GREATER GRAND CROSSING – A nearly 100-year-old church that sat vacant for years is reopening as a community center for young adults affected by homelessness and housing instability.
The Lyte Collective, a group that supports young adults affected by poverty and homelessness, will open the Lyte Lounge, a $1.8 million youth center for young adults, this summer.
Group members overhauled the interior of the former Black Methodist for Church Renewal at 549 E. 76th St., demolishing walls and renovating ceilings and floors in the 11,000-square-foot church to bring their vision to life.
The center will offer young people between the ages of 16 and 30 a well-equipped kitchen, fully equipped showers, overnight and long-term camps, a clinic and a laundry room, among other things. A music studio, art space, gym, and yoga room—called the Nest—offer youngsters a place to unwind and express themselves artistically.
The goal is to create a “safe space for young people to hang out,” said Executive Director Casey Holtschneider.
“We wanted to go back to that traditional community center vibe,” Holtschneider said. “You can come here and play basketball and do yoga, but while you’re here you can eat, make a sandwich, shower and you don’t have to tell anyone about it. We are here to help young people whatever they need, wherever they are, for as long as they want.”
“Here is History”
The small team behind Lyte Collective has been working on its cars since 2015, meeting youth wherever they are, Chief Innovation Officer Carl Wiley said.
Whether it was McDonald’s or Starbucks, the team showed up to help find housing and jobs, or to offer therapy and parenting support.
Ald. Roderick Sawyer (6th), to whose congregation the former church belongs, was the first to tell the collective about the building, Holtschneider said. Built in 1926, the church stood empty for years in the late 2000s. Sawyer told them to “check the room,” she said.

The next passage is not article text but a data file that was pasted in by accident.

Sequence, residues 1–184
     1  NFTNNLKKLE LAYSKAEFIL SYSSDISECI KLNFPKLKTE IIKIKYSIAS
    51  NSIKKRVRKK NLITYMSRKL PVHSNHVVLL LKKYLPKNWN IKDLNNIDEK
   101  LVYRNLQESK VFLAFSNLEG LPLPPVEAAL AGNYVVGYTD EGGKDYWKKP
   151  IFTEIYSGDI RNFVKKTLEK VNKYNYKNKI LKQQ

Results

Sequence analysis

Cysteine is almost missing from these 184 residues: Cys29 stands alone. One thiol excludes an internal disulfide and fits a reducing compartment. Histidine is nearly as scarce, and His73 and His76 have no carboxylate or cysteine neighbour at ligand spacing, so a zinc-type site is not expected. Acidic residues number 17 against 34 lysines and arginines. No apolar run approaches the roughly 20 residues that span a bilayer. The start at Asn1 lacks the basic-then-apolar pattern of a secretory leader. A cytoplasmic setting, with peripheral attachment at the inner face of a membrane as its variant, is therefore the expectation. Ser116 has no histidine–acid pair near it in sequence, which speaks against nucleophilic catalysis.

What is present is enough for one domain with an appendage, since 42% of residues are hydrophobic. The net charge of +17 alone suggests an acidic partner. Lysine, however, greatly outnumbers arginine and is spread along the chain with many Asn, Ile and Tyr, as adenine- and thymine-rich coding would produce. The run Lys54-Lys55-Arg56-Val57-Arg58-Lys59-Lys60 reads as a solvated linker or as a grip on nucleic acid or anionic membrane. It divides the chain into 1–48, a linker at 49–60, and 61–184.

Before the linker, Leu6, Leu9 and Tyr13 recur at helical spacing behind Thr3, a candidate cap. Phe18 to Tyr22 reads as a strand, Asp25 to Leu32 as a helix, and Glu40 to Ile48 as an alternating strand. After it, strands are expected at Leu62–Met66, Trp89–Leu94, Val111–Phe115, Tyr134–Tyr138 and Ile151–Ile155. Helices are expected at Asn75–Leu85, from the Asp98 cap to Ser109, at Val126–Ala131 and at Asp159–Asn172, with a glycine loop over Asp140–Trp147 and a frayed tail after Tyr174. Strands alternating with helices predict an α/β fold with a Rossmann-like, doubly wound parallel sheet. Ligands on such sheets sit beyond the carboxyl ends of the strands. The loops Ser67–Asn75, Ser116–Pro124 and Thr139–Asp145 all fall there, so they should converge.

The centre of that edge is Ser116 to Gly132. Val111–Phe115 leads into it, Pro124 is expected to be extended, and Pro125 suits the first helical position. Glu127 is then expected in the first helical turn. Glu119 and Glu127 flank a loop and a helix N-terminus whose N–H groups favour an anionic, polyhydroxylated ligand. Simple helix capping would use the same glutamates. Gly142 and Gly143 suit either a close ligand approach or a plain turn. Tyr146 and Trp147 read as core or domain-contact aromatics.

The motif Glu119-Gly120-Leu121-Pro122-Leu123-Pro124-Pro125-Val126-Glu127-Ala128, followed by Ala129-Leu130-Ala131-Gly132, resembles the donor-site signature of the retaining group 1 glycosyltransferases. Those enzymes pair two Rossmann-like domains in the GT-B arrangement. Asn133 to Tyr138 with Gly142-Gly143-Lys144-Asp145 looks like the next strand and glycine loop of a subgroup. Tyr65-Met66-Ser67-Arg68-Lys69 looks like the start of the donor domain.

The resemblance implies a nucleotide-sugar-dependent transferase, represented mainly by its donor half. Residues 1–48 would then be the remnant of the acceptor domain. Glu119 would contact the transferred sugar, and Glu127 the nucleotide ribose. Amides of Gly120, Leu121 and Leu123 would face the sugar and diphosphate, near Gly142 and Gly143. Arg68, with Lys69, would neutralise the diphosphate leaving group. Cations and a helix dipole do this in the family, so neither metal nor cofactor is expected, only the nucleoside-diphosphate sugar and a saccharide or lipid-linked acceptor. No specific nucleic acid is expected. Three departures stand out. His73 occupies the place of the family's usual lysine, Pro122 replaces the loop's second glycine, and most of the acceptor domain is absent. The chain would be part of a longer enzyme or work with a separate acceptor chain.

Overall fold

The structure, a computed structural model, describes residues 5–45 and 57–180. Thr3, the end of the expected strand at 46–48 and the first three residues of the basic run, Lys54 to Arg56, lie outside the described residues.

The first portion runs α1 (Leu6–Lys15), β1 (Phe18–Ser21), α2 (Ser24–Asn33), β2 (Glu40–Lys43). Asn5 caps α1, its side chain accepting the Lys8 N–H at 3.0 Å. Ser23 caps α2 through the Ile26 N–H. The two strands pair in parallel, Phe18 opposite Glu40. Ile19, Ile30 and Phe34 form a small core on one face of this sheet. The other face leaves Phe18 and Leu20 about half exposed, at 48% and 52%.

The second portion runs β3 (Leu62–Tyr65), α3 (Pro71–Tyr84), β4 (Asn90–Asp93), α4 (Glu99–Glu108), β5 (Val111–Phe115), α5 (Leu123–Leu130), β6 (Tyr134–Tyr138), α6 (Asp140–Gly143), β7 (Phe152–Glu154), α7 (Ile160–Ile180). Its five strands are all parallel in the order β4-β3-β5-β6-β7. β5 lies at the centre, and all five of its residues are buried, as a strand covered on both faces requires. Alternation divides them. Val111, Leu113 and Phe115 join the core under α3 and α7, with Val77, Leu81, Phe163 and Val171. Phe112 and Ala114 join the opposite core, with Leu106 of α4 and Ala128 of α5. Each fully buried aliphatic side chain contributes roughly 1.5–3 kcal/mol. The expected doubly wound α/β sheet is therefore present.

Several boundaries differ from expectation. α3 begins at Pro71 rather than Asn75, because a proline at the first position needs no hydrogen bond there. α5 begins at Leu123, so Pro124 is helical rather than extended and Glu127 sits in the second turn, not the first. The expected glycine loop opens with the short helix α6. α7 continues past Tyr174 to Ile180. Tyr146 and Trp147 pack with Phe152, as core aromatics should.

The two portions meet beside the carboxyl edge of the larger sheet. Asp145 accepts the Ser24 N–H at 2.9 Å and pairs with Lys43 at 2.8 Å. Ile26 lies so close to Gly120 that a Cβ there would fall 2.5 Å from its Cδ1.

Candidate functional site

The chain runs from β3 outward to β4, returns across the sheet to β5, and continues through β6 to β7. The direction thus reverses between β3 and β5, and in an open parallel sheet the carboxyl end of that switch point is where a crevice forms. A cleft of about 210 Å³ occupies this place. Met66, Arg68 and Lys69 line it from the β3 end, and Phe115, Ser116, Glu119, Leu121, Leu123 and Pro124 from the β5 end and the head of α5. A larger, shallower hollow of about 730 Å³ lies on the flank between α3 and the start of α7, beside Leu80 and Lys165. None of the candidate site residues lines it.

As organizers entered the church, they began hugging, Holtschneider said. It’s “beautiful,” she said. They had finally found a home.
The Lyte Collective bought the church in 2017 for just over $100,000, Holtschneider said. Construction began in 2019. The Bowa Group, a black-owned company, and DAAM, LLC handled the renovations.
The collective was hoping to open in 2020, but the pandemic thwarted their plans, Holtschneider said. Still, neighbors who saw the building being revitalized stopped by and spoke about how they used to play basketball at the church’s gym or spend days at daycare, she said.
“The space meant a lot to people, and they didn’t want to come out here and see it being torn down,” Holtschneider said. “There is history here.”
Along the way, the collective met their “secret angel,” Holtschneider said. They would visit the lounge and find that the grass had been mowed or the snow shoveled, Wiley said.
Jerome Davis, who lives across the street, took over the duties, Wiley said.
The collective brought him into the team in 2017, said Holtschneider. Davis came out of retirement to be the lead civil engineer, she said.
“You can’t think of anything better than moving across the street from an amazing human being who knows everything you don’t,” Holtschneider said.